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2020 Audi Q7 60 TFSIe review: Also An Electric SUV

The new Audi Q7 plug-in hybrid isn’t the first such vehicle to be offered in the Q7 line-up. But while the previous incarnation used a diesel engine, the latest version, badged 60 TFSI e Competition, follows the industry (and customer) trend by switching to petrol.

The concept of plugging a big, luxurious off-roader into the mains might seem rather odd, but this is key to the 60 TFSIe’s efficiency. There has been a change in fuel for the plug-in hybrid Q7. There is a bit of electronic intervention to reign in your enthusiasm, though. The 60 TFSIe has a pressure point in its accelerator pedal travel (like a kickdown point that awakens the engine) to encourage you to remain in electric-only mode as much as possible.

The Q7 launches at the same time as the A7 and A8 TFSIe cars, all expected to arrive on UK shores by 2020, hot on the heels of the recently-launched Q5 hybrid. There’s a 3.0-litre V6 TFSI petrol under the bonnet (instead of a diesel like the pre-facelift Q7 e-Tron) mated to a 94kW electric motor, which, in turn is powered by a 17.3kWh battery pack located underneath the boot floor. An eight-speed auto handles the power and sends it to all four wheels.

Audi says the Q7’s total system power output is rated at 449bhp and 516lb ft, meaning it has around 80bhp more than the Q7 e-Tron it replaces but the same amount of torque. Nailed-down technical specifications at the time of driving the car were a little, er… sparse, but we’re convinced it’s quicker to 62mph than the old PHEV.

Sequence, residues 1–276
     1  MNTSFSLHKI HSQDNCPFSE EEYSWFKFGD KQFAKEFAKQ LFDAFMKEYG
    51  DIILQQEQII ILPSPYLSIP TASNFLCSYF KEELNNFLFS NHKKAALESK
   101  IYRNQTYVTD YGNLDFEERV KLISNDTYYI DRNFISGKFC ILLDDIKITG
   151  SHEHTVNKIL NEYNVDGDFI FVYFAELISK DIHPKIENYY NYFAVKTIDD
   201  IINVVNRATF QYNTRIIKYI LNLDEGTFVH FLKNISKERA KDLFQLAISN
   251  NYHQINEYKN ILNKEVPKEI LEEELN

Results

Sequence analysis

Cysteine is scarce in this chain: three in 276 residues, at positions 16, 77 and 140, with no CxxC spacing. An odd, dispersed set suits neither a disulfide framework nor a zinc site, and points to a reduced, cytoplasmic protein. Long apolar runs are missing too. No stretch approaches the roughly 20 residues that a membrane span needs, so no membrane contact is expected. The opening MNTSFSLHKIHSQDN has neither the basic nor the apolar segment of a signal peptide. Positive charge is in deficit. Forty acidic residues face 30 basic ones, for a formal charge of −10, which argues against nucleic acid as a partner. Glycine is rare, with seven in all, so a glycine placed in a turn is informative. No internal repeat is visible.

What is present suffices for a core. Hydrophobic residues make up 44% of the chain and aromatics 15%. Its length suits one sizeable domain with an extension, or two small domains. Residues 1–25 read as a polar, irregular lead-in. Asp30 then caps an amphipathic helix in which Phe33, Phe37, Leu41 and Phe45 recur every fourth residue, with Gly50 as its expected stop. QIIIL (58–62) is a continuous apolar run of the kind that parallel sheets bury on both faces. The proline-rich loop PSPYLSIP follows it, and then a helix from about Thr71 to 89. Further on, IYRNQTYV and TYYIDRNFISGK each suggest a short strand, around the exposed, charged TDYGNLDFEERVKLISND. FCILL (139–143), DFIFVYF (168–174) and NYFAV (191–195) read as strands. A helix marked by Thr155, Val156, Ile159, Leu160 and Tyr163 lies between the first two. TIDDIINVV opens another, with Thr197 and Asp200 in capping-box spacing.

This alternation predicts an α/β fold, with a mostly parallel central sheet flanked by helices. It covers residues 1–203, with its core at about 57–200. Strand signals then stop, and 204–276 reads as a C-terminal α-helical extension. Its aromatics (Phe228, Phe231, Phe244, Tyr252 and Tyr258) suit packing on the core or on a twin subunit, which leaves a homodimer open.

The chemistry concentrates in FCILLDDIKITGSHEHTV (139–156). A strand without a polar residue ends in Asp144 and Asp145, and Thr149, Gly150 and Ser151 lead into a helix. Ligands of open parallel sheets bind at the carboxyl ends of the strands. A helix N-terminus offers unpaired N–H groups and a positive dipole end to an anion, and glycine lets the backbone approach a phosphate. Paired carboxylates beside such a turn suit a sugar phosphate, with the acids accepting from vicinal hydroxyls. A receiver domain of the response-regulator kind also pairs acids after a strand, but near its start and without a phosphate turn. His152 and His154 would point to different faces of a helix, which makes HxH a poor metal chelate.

This Q7 e-tron features the latest version of Audi’s ‘predictive efficiency’ system, which uses data from the sat-nav, topographical information and live traffic updates to efficiently manage the car’s charge.

The system is capable of making judgement calls on when to fire up the engine and when there’s an opportunity to harness braking energy to help top up the battery. In practice, you’ll find it tapping your foot through the throttle pedal as you approach T-junctions, encouraging you to lift off and kick-start recuperation.

The navigation has a blue spider web-like layer that shows you how far you can go without the engine turning on at all and the usual rev counter on the Virtual Cockpit has been changed to a power meter that shows you when you’re using electric or combustion power.

Audi’s Drive Select modes have also been modified so ‘Efficiency’ uses as little fuel as it can, ‘Comfort’ balances the power delivery 50:50 and ‘Dynamic’ leaves the engine on and instructs the e-motor to give a helping hand. Sadly, the option to move the gear shifter in to manual mode has gone, making those paddles on the back of the wheel just a tad useless.

So far, so normal, but Audi has Audi-fied the experience a bit. Like the combustion engine models, the TFSIe versions have the brand’s ‘predictive efficiency assist’ function.

The Q7’s interior is awash with high-end, soft-touch plastics, fine-grain leathers and thick carpets. The boot floor has been raised too, which makes the cargo area smaller than in the normal Q7. Not that this should be a major issue, mind you, since the luggage capacity is still plenty for a family of five; you could take a couple of buggies and some suitcases without having to fold any seats down.

What do you think?

Written by Carzbass

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